Alternatively, therapeutic agents modify the vaginal or other environment to enhance the wellness of this anatomical region. The benefits may be rather simple, for example increasing comfort by providing moisturization and/or lubricity. These benefits may also be more complex, for example modulating epithelial cell function to address vaginal atrophy. The beneficial therapeutic agents may reduce negative sensations such as stinging, burning, itching, etc, or introduce positive sensations to improve comfort. The therapeutic agent delivered by the applicator of the present invention need not be a “medication” per-se. It could also be a vaginal cleansing product, deoderant douche, lubricant, spermicidal cream, afrodesiac, pH balancing liquid, just to name a few.

Also as can be seen in Figures of the present invention, the applicator 10 is shown to have an outward appearance which is a generally cylindrical shape. That is, the first member is an elongated tube having a generally cylindrical shape. By having this generally cylindrical shape, the applicator 10 takes the appearance of a conventional tampon applicator, such as a Kotex® Security® Tampon, as well as other commercially available tampons. As a result of this outward appearance, the use of the applicator 10 of the present invention is more intuitive to a user as compared to some of the previously available applicators, which take a more syringe-like appearance. Further, by the size, shape and appearance of the applicator, a user will not be as intimidated by the applicator during use, as compared to an applicator having a syringe-like appearance, since users who use applicator-type tampons will be fairly familiar with the use of the applicator shown in the figures of the present invention. As a result, the applicator of the present invention may be easier to use for a user, as compared to an applicator with a syringe-like appearance.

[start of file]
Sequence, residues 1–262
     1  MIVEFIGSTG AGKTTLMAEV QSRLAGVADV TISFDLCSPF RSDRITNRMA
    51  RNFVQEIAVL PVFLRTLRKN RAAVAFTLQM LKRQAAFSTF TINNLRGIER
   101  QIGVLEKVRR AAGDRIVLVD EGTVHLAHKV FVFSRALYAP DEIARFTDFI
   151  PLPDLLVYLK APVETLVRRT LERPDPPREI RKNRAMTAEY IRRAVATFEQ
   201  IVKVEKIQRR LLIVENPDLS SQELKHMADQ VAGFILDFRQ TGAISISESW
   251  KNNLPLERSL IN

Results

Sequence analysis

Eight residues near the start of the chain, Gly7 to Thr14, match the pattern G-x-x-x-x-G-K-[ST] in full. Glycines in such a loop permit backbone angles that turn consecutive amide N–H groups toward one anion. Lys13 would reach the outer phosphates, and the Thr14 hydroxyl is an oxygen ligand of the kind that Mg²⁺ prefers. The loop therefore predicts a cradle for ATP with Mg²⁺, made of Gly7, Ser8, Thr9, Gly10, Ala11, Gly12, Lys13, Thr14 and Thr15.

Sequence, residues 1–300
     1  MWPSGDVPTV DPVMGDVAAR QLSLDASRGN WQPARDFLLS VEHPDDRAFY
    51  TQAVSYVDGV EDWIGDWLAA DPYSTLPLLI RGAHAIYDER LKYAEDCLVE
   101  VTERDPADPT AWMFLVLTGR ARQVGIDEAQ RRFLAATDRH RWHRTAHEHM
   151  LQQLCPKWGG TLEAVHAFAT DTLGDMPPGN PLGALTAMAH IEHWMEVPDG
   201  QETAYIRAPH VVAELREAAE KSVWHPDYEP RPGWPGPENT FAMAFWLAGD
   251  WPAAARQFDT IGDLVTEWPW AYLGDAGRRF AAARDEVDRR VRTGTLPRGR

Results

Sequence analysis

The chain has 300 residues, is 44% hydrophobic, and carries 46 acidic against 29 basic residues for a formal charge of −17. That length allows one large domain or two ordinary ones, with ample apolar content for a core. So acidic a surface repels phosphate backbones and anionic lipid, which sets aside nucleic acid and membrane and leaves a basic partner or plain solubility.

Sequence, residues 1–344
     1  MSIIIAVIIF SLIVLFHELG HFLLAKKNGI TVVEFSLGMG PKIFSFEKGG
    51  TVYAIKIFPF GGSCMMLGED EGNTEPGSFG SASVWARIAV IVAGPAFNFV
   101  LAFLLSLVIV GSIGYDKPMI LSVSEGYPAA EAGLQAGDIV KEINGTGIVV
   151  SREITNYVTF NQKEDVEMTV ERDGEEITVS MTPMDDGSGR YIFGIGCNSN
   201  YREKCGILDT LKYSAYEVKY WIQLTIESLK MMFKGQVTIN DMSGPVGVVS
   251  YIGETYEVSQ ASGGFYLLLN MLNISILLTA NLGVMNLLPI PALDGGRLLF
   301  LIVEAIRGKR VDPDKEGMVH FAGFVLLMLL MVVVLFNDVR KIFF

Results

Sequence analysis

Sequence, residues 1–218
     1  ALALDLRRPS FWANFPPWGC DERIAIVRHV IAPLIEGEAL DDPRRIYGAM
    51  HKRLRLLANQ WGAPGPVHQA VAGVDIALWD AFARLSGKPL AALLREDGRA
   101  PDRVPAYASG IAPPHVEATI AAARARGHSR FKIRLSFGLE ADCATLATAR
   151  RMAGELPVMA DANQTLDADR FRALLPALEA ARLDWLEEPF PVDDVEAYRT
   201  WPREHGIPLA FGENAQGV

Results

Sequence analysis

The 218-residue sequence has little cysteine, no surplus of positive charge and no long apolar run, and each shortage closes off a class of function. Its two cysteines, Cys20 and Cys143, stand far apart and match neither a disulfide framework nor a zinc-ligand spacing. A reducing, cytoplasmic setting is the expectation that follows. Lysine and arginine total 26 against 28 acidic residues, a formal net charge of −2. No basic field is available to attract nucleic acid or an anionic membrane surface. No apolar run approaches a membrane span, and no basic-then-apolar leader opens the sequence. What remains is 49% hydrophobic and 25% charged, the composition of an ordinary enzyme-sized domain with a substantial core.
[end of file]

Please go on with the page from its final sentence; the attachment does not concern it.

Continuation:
In addition, the applicator of the present invention works like a syringe and, therefore, the medication is in the form of a liquid, cream, foam, or powder. Outwardly, the applicator looks like a conventional Kotex® Security® Tampon, or other commercially available tampon applicators, and is inserted into the body in the same way as an applicator tampon is inserted into the body. The first outer member looks like the first outer member of a Kotex® Security® Tampon, or other commercially available tampon, minus the petals. The outer tube has holes towards the rounded end of the tube in place of the petals. The only difference in the use of the applicator of the present invention is that when the distal end 44 of the second inner member 40 is pressed, the applicator dispenses a therapeutic substance.

If a therapeutic agent is needed during menstruation, this applicator of the present invention would typically be used without a tampon being inserted in the vagina of a user. This has the benefit of minimizing issues with a tampon absorbing the medication before it can be absorbed into the body. Once the medication is administered, the woman has the option of using a tampon or a feminine pad to absorb menstrual flow. This applicator of the present invention has the further benefit of not forcing women to use a tampon when they need medication while menstruating.

This applicator of the present invention may be used by point-of-care heath care professionals at a hospital or clinic or it can be prescribed by a physician and used by the patient in the comfort of their own home. Most women today are familiar with tube applicator tampons and are not intimidated by their use. Given women's prior familiarity with using tube applicator tampons, little or no education is necessary on how to insert and use the device. This would facilitate the transition of this product from a prescription to over-the-counter marketing, and it would facilitate the marketing of products in non-prescription markets without the need to educate users on how to use the product, beyond the basic usage.

This applicator of the present invention is primarily a woman's health and hygiene product. However, it could also be adapted for use in the rectal delivery of medications for use in hospitals or homes. A very small device like this could be made for the rectal delivery of medications in infants and children. The benefit of using an applicator to administer medication is cleanliness and convenience since the medication does not need to be touched by the caregiver.